When we were missionaries in a southeast Asian country in the ‘80’s most of the people were not wealthy enough to own their own vehicles. However, if they needed a vehicle for their work, the company or government agency they worked for would provide a “service.” This was a vehicle marked “For Official Use Only” that they were to use only for business related tasks.
However, as we would return late at night from an evangelistic outreach or other events, we would sometime pass a discotheque or a bar and see at least two or three of those vehicles that were “For Official Use Only” parked in front. One time we saw a vehicle that sported a more honest “For Official Use Also” emblazoned on its door!
In his first epistle, Peter repeats for his readers the command God gave His people in Leviticus 11:44 – “Be ye holy, for I am holy” (1 Peter 1:15-16). The semantic field for “holy” (hagios in the New Testament and qudas in the Old Testament) gives the idea of something that is ceremonially clean or separated for use in the temple.
You might even say that being “holy” is being “For Official Use Only.”
“Holiness” is a term that has unjustly inherited a bad reputation in modern Christianity. It’s centrality to the Christian life has been clouded by accusations (sometimes justified, but in my experience not so much) of “legalism.” But when it comes down to raw holiness – holiness in its most basic form – it is living our lives, in every area, for “official use only.”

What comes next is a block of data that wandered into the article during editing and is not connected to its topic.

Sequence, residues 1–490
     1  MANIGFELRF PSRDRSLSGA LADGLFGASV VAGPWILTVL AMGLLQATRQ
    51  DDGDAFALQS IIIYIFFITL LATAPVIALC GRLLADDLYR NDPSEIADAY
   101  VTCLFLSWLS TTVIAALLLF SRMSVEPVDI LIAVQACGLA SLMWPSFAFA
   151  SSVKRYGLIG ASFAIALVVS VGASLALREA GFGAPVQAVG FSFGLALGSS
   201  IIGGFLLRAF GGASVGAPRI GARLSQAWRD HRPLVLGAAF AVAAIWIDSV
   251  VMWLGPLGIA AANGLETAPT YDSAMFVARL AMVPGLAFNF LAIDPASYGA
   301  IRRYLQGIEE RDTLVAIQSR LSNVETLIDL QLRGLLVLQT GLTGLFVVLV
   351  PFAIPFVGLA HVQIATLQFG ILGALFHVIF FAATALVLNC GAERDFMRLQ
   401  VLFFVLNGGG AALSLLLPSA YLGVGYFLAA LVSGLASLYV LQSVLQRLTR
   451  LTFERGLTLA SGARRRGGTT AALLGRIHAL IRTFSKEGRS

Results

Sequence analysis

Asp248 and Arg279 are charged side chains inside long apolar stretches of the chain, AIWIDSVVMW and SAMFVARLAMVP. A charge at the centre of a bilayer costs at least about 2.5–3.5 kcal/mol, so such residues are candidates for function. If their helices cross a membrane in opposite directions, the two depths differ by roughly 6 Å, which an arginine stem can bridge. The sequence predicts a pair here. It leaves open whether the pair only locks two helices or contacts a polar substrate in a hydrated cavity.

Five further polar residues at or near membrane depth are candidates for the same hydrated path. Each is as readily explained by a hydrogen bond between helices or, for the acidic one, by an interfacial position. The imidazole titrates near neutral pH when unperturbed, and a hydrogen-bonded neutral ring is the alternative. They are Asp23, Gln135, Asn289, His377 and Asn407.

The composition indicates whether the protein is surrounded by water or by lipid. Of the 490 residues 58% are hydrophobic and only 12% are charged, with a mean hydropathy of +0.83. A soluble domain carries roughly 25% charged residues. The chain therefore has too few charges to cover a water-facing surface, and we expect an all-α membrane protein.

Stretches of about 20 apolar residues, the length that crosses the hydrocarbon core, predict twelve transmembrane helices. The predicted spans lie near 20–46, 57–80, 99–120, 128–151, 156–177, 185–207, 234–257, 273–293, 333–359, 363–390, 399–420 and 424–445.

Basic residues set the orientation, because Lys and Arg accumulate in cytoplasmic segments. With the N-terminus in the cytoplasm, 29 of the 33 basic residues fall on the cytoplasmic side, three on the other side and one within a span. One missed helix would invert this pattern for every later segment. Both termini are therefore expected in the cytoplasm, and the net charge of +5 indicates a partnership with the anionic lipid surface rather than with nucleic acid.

In the past, the High Priest was commanded to wear a mitre with a gold plate that proclaimed “Holiness Unto the Lord” – setting him apart from all other pursuits. Through Jeremiah, the Lord reminded a backslidden Israel they were once “Holiness unto the Lord” like a woman who was engaged to her husband and had eyes only for him. The prophet Zachariah prophesied that in the future (during the millennial reign of Christ) that same inscription was going to be on everything because, at that time, everything will be be for “official use only”(even the bells on the horses and the pots in the kitchen!)
But what does “being holy” look like today? It is a lifestyle that reflects a decreasing “Me” and an increasing “Him.” It is a personality that buds and blooms with what Paul calls the “Fruit of the Spirit.” It shows itself through lips that speak life not death, ears and eyes that are simple concerning evil while being wise about things that are good, and a body that comports itself modestly.
Holiness is not something we achieve, it is something the Holy Spirit produces in our lives through His Word. As we obey the light we have – He gives more. As we trust Him through the crises of life, we find a strength is manifested through a growing sense of quietness and confidence.
And it all begins with a simple decision to change one word in the motto of our lives from “For Official Use Also” to “Official Use Only.”
Explore on your own!
These are scriptures that are alluded to in this post. Take some extra time and look up these passages. Read them in context. Do some word study with an expository dictionary, follow cross-references, and even invest some time memorizing and meditating on some of them. Write down what you learn – you will be surprised how this will “congeal” Scriptural principles in your heart and mind!
Leviticus 11:44-47; 1 Peter 1:13-16; John 1:19-28; 3:25-36; Jeremiah 2:1-8; Zechariah 14:20,21; Exodus 28:36-38; Galatians 5:16-26; Romans 16:17-20; 1 Timothy 2:8-15; Romans 12:1,2; 2 Corinthians 6:14 – 7:1; Isaiah 30:15-17.